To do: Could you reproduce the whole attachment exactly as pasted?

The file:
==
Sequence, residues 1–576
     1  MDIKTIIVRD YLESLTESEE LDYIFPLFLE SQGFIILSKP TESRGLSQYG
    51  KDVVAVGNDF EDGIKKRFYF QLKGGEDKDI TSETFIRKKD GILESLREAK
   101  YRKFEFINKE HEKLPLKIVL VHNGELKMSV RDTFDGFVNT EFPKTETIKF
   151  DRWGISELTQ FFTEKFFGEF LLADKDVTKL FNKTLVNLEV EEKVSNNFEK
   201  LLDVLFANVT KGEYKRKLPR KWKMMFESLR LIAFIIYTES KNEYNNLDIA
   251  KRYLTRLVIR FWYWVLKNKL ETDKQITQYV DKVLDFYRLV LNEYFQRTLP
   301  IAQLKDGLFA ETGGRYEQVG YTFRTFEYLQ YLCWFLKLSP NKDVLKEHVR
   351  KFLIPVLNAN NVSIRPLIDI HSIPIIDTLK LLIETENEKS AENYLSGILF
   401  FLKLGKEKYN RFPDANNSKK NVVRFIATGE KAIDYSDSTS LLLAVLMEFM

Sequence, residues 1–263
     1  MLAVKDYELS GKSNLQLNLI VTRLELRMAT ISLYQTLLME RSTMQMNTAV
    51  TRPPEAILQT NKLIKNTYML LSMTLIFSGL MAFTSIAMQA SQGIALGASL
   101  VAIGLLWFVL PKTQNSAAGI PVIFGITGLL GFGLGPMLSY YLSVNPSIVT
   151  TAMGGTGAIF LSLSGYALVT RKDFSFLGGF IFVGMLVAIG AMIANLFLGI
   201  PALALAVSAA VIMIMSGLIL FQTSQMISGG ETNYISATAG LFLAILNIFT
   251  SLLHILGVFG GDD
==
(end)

Sequence, residues 1–576
     1  MDIKTIIVRD YLESLTESEE LDYIFPLFLE SQGFIILSKP TESRGLSQYG
    51  KDVVAVGNDF EDGIKKRFYF QLKGGEDKDI TSETFIRKKD GILESLREAK
   101  YRKFEFINKE HEKLPLKIVL VHNGELKMSV RDTFDGFVNT EFPKTETIKF
   151  DRWGISELTQ FFTEKFFGEF LLADKDVTKL FNKTLVNLEV EEKVSNNFEK
   201  LLDVLFANVT KGEYKRKLPR KWKMMFESLR LIAFIIYTES KNEYNNLDIA
   251  KRYLTRLVIR FWYWVLKNKL ETDKQITQYV DKVLDFYRLV LNEYFQRTLP
   301  IAQLKDGLFA ETGGRYEQVG YTFRTFEYLQ YLCWFLKLSP NKDVLKEHVR
   351  KFLIPVLNAN NVSIRPLIDI HSIPIIDTLK LLIETENEKS AENYLSGILF
   401  FLKLGKEKYN RFPDANNSKK NVVRFIATGE KAIDYSDSTS LLLAVLMEFM

Sequence, residues 1–263
     1  MLAVKDYELS GKSNLQLNLI VTRLELRMAT ISLYQTLLME RSTMQMNTAV
    51  TRPPEAILQT NKLIKNTYML LSMTLIFSGL MAFTSIAMQA SQGIALGASL
   101  VAIGLLWFVL PKTQNSAAGI PVIFGITGLL GFGLGPMLSY YLSVNPSIVT
   151  TAMGGTGAIF LSLSGYALVT RKDFSFLGGF IFVGMLVAIG AMIANLFLGI
   201  PALALAVSAA VIMIMSGLIL FQTSQMISGG ETNYISATAG LFLAILNIFT
   251  SLLHILGVFG GDD